For many people, their pets are a part of the family. According to the Humane Society of the United States, approximately 72% of American households that rent their homes actually have pets. But unfortunately, those who rent can also oftentimes have trouble with finding homes that welcome their four-legged family members.

One of the biggest reasons for this is because of the fear that landlords have of the potential destruction that could be caused by certain types of pets. Another factor is the potential liability that may be caused by “dangerous” dog breeds such as pit bulls.

Yet, while research has shown that most pets actually do not cause any more damage to property than their human counterparts do – and, the danger of certain breeds is a topic of controversy – there are some ways that landlords can open their properties up to pet owners and still protect themselves in the process. This can provide you with a way to both open up your rentals to a larger pool of potential tenants, as well as to reduce your tenant turnover.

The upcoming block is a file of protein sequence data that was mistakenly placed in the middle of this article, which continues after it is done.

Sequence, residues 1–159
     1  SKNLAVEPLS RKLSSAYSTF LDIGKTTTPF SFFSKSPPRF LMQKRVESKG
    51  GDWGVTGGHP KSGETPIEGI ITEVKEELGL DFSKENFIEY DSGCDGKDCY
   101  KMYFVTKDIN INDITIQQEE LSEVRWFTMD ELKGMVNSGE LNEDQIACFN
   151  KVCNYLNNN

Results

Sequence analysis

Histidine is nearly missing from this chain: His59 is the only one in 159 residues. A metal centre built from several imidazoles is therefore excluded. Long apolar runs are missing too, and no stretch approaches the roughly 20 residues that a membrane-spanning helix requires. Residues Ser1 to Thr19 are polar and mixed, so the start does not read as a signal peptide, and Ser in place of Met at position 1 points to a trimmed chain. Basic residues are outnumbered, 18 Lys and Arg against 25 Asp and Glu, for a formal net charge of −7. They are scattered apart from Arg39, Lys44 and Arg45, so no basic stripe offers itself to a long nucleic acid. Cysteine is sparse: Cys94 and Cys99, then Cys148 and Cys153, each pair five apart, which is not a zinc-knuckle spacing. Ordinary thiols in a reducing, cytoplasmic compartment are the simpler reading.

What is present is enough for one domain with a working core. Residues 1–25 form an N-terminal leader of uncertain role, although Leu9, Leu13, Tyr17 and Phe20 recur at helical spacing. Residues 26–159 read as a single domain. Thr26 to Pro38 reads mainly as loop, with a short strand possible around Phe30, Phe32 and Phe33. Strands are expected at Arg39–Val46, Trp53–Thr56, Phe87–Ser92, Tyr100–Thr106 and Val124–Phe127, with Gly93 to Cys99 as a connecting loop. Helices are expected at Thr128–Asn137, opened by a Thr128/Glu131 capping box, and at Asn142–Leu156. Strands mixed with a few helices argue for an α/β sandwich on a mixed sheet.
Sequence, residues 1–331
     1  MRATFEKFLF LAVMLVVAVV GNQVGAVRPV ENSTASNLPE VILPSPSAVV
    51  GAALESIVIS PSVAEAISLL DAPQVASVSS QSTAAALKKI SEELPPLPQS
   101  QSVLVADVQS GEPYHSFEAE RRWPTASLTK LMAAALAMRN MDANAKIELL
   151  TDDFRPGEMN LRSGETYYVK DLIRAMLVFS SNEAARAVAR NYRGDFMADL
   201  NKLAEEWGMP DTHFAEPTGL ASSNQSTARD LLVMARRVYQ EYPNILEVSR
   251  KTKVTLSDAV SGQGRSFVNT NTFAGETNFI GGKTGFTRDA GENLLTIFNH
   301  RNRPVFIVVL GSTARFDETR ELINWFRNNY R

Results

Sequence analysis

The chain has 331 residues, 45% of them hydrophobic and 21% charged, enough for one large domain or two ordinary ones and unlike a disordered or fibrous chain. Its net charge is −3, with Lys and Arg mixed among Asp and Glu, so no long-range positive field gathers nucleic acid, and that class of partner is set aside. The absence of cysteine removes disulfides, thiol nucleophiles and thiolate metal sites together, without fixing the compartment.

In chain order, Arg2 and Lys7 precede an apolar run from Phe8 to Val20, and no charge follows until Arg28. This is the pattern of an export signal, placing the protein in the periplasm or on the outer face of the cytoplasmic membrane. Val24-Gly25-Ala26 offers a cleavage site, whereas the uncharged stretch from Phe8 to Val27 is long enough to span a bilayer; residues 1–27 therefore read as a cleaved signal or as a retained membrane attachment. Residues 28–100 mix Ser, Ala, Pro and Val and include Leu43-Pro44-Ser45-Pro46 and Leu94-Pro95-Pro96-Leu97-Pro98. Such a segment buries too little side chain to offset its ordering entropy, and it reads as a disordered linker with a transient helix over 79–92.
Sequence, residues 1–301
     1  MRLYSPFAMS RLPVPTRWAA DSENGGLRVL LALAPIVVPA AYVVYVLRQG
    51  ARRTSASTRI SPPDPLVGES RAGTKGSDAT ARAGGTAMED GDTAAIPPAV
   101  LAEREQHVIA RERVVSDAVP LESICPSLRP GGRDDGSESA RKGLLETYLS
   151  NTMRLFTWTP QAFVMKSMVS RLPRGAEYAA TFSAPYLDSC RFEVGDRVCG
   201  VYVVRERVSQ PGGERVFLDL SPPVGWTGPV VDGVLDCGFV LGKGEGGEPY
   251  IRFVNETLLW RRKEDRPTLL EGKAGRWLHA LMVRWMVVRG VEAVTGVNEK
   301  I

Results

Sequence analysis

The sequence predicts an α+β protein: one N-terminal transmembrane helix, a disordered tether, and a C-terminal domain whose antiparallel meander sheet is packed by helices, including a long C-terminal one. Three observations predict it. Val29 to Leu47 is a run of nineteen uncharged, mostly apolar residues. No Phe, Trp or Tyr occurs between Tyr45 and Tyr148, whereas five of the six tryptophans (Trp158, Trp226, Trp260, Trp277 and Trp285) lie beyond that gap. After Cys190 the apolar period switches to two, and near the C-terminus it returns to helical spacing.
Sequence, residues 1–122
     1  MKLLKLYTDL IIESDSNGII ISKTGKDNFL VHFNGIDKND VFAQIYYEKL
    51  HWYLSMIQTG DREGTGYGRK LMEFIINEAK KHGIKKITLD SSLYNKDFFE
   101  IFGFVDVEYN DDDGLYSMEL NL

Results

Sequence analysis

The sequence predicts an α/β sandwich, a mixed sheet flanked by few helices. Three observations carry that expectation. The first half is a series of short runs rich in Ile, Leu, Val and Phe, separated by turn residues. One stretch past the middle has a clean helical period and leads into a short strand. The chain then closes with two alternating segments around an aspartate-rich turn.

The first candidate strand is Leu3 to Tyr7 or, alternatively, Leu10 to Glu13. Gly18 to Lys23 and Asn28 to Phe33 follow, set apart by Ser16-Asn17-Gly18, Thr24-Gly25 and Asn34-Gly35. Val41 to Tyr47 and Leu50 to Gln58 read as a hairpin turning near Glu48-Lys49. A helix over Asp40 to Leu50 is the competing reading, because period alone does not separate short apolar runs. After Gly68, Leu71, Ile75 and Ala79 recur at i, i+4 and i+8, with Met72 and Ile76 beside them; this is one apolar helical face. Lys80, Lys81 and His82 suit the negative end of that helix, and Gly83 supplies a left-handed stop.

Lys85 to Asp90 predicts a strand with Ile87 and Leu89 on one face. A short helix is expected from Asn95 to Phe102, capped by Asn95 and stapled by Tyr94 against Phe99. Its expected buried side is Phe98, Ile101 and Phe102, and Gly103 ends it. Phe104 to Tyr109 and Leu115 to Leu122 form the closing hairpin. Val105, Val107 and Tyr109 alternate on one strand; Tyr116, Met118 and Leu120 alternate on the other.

First and foremost, you will want to include a pet agreement in your lease. Doing so can help you to reduce many of the added risks that can occur by having pets on the property. Here, you can incorporate certain rules into the lease – and let tenants know that they must honor these rules in order to remain in the home. Some of these could include the following:

  • Types of Pets Allowed
  • Weight Limit on Pets
  • Allow Only the Tenant’s Pets
  • Requirement that All Shots and Vaccinations Be Up-To-Date
  • Requirement that the Pet(s) Be Under Control at All Times

You will also typically want to charge an additional “pet fee” for those who have a pet (or pets). For example, if you normally charge $500 per month for rent, consider charging $550. You may also consider charging a slightly higher security deposit in order to cover any additional damages that may need to be repaired upon the tenant’s exit.

Having a pet agreement already incorporated into your lease can immediately open up your property to a wider array of potential tenants. And, even if a new tenant does not currently have a pet, you should still have them sign the pet agreement in the case that they may obtain a pet during the course of the lease.

For more information and tips on managing property for maximum efficiency, or if you would like details on how you can profit from your rental property without having to spend a lot of time managing the property yourself, contact us.